Who Needs Creative Arts When There’s So Much Data Available?

The Kaiser is lamenting the state of creative affairs today.

If you work in the creative department of an advertising agency in 2008 you will be hard pushed to find either a member of your team who can remember the old process or somebody who can handle a pencil and can draw – but I bet everyone is pretty savvy with a Mac, Photoshop, Quark and InDesign.
Suddenly everyone with a computer, a mouse and a piece of software could do “creative” stuff, which is morally superb – but has proven to be, functionally and qualitatively speaking, an absolute bloody nightmare and has created what Walter Gropius called an “art-proletariat” – a mass of people misled into believing that just because, they had secured a place in art education (whether it be painting, architecture, design or sculpture), that they had all the tools needed to be artists – and were somehow muddying the waters of creativity.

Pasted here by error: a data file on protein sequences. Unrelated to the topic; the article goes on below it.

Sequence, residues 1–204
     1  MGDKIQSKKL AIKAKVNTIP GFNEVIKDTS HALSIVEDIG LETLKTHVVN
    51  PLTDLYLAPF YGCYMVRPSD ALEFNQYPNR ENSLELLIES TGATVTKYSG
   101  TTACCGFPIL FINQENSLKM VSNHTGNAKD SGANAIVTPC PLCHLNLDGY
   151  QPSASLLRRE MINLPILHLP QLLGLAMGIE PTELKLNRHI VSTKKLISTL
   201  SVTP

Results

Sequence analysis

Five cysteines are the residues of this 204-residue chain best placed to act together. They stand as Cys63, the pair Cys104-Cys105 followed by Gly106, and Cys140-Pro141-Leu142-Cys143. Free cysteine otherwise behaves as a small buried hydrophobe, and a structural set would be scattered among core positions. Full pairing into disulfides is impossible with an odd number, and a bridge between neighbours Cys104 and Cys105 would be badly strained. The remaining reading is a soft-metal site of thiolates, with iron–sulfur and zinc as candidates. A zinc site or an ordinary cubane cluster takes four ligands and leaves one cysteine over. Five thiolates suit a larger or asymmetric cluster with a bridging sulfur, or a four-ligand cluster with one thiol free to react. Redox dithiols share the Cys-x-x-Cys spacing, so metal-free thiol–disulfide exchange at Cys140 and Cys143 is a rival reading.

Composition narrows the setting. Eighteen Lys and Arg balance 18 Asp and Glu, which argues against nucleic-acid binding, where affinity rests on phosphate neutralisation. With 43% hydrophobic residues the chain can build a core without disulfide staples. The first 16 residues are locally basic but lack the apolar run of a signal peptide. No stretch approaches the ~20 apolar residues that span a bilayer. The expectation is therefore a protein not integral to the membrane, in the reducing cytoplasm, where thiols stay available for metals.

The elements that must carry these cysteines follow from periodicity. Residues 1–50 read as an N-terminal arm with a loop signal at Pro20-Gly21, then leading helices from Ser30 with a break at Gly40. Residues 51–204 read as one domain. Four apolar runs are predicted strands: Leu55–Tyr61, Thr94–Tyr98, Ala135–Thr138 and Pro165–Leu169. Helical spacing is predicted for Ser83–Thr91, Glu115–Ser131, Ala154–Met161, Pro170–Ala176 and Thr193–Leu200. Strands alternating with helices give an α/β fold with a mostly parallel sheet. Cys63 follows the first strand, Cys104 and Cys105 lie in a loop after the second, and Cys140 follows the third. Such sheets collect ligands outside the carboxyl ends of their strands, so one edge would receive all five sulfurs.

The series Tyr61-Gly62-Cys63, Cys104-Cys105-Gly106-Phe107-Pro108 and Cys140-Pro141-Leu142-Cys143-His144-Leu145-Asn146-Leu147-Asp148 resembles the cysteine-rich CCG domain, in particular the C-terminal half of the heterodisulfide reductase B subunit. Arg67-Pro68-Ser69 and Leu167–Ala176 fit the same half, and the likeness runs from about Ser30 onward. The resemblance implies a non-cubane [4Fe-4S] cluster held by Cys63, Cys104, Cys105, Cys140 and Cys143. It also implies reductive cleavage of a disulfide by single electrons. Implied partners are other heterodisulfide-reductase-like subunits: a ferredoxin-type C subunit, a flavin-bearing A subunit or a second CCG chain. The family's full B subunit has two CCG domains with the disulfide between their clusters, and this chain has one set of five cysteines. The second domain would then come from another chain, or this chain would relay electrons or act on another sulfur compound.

Gropius, of course, passed away well before the introduction of desktop publishing. But what of The Kaiser’s argument? Are there any real artists left in the ad biz, or did they head for the hills decades ago?

About David Burn

Co-founder and editor of AdPulp. I wrote my first ad for a political candidate when I was 17 years old. She won her race and I felt the seductive power of advertising for the first time. I worked for seven agencies in five states before launching my own practice in 2009. Today, I am head of brand strategy and creative at Bonehook in Portland, Oregon.


  1. This is something that must be on people’s minds today.
    Tangerine Toad posted about experts being the new black, meaning that people are sick of amateur content.
    I posted along a similar vein.
    And you are posting about the lost art of, well, art.
    There are masters out there, but the democratization of the tools of the trade have made them harder to pick out from the white noise of average content that just gets pushed out there.

  2. Here’s a book on that very subject.
    The Cult Of The Amateur by Andrew Keen.
    Might be worth a look.

  3. I think there’ll always be a mindset among certain creatives that says tools make you an architect. The idea that somehow creative=layout and that if I do 50 versions of an ad, I’ve accomplished something.
    Scary also how even basic hand skills are suffering among next gen creatives. What’d Robert Plant say again:
    Does anyone remember markers?